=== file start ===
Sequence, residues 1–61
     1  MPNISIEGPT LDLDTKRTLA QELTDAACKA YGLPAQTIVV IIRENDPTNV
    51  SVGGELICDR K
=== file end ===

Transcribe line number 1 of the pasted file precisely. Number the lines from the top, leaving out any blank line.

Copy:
Sequence, residues 1–61